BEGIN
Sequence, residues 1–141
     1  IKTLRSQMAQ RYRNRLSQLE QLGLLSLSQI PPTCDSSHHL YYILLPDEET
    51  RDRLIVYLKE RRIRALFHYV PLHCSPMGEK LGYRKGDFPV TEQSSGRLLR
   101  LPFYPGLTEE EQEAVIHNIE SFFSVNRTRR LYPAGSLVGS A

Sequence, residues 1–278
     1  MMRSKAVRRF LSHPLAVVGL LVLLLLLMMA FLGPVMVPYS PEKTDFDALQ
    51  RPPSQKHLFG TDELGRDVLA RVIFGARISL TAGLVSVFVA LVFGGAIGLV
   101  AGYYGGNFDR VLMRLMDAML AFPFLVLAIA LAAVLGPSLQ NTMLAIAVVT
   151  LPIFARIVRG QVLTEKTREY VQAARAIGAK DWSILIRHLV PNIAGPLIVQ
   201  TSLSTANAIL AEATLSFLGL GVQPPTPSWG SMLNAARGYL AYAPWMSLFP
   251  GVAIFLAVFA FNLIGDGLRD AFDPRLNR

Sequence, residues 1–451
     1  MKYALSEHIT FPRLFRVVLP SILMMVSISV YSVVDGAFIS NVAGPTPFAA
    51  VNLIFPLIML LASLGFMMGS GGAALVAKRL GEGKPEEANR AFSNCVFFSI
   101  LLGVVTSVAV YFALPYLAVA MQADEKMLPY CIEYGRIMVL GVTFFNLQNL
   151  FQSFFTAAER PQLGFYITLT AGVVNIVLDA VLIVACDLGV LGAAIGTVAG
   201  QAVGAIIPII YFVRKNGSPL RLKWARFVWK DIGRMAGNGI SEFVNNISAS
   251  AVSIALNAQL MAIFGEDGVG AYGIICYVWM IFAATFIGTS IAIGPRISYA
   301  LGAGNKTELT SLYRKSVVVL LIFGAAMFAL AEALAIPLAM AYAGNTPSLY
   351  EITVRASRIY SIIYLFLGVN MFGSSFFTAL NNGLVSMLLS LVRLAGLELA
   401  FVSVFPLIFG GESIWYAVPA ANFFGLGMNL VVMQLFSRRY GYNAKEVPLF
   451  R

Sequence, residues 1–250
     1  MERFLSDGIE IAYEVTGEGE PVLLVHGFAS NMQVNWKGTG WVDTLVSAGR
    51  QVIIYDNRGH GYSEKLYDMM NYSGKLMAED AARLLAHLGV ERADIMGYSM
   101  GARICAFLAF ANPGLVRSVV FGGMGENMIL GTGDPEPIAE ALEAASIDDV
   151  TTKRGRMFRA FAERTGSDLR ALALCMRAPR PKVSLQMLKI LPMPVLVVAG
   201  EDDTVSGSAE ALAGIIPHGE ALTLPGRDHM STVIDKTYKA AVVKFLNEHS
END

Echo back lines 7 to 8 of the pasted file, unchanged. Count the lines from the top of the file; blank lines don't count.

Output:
    51  RPPSQKHLFG TDELGRDVLA RVIFGARISL TAGLVSVFVA LVFGGAIGLV
   101  AGYYGGNFDR VLMRLMDAML AFPFLVLAIA LAAVLGPSLQ NTMLAIAVVT